How Ignoring Your Brokerage Account Could Cost You Thousands

by Dana George | Published on Sept. 26, 2021

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There's no need to hover over your investments. An occasional check-in will do.

Between work, family, and social obligations, we're all busy. Few of us feel like babysitting our brokerage accounts. However, the sad truth is this: You could be losing thousands of dollars by adopting the "set it and forget it" method of investing.

Should we spend our days tinkering with our investments, reacting to every small change in the market? Absolutely not. Investments are meant to grow our money over the long term. Obsessing over them daily (or even weekly) is not only excessive; it's a surefire recipe for making emotion-driven decisions. That said, pretending investments don't exist is an expensive habit.

Here, we'll look at three ways ignoring investment accounts could be exceedingly expensive.

High fees go unnoticed

A few years ago, the financial services firm Morningstar conducted a fascinating experiment. They asked 3,600 individuals to allocate $10,000 in a hypothetical investment account. The individuals had three S&P 500 index funds from which to choose. The three funds were seemingly identical, other than the fees associated with administering each.

The obvious decision would be to look at the fees associated with each fund and put the entire $10,000 into the fund with the lowest fees. That way, the investor would get the most for their money.

Rather than do that, though, many of the 3,600 participants spread their money across all three funds. In a way, it makes sense. After all, we continually hear about the importance of diversifying, and how much safer our investments are when we spread them around. But the advice regarding diversification sometimes leaves this out: As we diversify, we must also look for the lowest possible fees.

For this experiment, fees ranged from 0.40% to 0.04%. Still, when researchers asked participants to choose one of the three funds, fewer than half chose the fund with the lowest fees.

What this would mean if participants were dealing with real investments is that the lowest fee would cost an investor $134 over 20 years. Choosing the fund with the highest fee would cost around $1,300 over the same period.

If $1,300 doesn't sound so bad, let's extrapolate a bit. What if the amount invested was $100,000 rather than $10,000? Paying a fee of 0.40% means losing out on $13,000. At the same time, the investors who opted for the lower-fee index fund would pay $1,340 over 20 years.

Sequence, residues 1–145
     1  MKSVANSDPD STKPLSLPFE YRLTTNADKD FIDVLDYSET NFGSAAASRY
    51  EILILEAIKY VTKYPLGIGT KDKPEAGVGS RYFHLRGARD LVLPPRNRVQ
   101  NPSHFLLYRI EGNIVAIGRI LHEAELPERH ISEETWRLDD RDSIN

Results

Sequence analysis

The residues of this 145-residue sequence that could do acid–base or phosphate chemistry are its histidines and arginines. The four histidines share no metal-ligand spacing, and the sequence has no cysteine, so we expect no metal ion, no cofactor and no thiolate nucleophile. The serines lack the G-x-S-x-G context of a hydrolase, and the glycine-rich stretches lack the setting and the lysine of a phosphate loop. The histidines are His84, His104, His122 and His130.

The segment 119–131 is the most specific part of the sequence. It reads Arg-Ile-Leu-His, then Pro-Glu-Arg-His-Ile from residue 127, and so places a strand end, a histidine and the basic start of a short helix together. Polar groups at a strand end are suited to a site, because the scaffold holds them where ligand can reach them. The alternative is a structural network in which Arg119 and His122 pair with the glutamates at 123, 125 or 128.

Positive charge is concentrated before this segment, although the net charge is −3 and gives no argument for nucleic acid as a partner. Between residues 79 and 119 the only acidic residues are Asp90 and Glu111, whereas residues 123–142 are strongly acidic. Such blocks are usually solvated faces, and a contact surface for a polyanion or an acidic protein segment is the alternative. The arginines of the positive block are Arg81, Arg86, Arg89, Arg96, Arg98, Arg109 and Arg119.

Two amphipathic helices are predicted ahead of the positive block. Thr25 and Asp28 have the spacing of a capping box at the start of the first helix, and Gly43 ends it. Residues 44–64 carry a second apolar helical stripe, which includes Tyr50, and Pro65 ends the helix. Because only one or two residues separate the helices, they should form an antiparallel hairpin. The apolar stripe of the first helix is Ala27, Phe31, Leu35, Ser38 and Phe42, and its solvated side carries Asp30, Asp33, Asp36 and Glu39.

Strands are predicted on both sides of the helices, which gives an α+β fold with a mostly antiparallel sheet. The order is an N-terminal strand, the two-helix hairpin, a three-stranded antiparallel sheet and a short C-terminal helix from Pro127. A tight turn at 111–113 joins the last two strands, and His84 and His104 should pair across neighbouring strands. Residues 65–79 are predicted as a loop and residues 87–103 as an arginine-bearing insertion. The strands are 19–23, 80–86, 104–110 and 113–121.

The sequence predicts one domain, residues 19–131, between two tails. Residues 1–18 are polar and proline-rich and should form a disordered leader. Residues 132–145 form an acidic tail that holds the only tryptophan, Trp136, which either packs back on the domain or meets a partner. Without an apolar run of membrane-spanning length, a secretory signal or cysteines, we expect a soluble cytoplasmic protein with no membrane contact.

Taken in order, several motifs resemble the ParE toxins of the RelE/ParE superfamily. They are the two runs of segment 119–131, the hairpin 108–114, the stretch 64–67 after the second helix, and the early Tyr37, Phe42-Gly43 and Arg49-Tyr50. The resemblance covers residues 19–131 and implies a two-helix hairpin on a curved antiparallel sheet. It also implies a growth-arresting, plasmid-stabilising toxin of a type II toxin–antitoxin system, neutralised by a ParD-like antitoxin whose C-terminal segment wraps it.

If you haven't done so recently, check the fees associated with your investments. If they're too high for your liking, it may be time to do some rearranging.

Portfolios get out of balance

Failing to keep your portfolio balanced can also eat up profits over time.

Let's say you have 75% of your portfolio in stocks and the other 25% in bonds. When you first decided how to allocate your investments, this distribution worked perfectly. However, the performance of each asset has likely changed over the years. Perhaps stocks have increased in value much more dramatically than bonds, and it's time to rebalance.

You want to balance your portfolio in order to reduce risk while increasing your return. There's no way to know exactly what the future holds, but by checking in on your brokerage account semi-regularly, you can identify when one allocation is out of whack with the others.

Dividends go to waste

Let's say you invest in a company that pays dividends. When that company earns a profit, they pay a portion to shareholders, and you receive a dividend payment. As nice as receiving a dividend check is, you can make the money work for you by simply reinvesting it.

Here's how it works if you own 1,000 shares in a company that pays a $1 quarterly dividend:

  • Your first dividend check is $1,000.
  • If the company stock is selling for $50 per share, your reinvestment purchases 20 shares. So now, you have 1,020 shares instead of 1,000.
  • When the next dividend is paid, you get $1,020. If the stock price is unchanged ($50 per share), your latest dividend will purchase 20 more complete shares and one fractional share. That brings you up to over 1,040 shares.
  • The process continues, with profits purchasing more shares.

You could use these dividends for other purposes, like paying living expenses. But by reinvesting them, you have the chance to buy new shares in a company with no brokerage fees. Plus, reinvesting dividends causes your portfolio to grow with no effort on your part.

It takes mere seconds to check in on your brokerage account. Call your broker or look at your brokerage account online to make sure you're set up to reinvest dividends. There's usually a box you can check indicating your desire to put your dividends back to work.

A balanced financial life can be found in the space between obsessing over every detail of your money and setting aside time for occasional check-ups. As long as you know which items to check up on, you can quickly ensure your investments are working for you and get back to your life.

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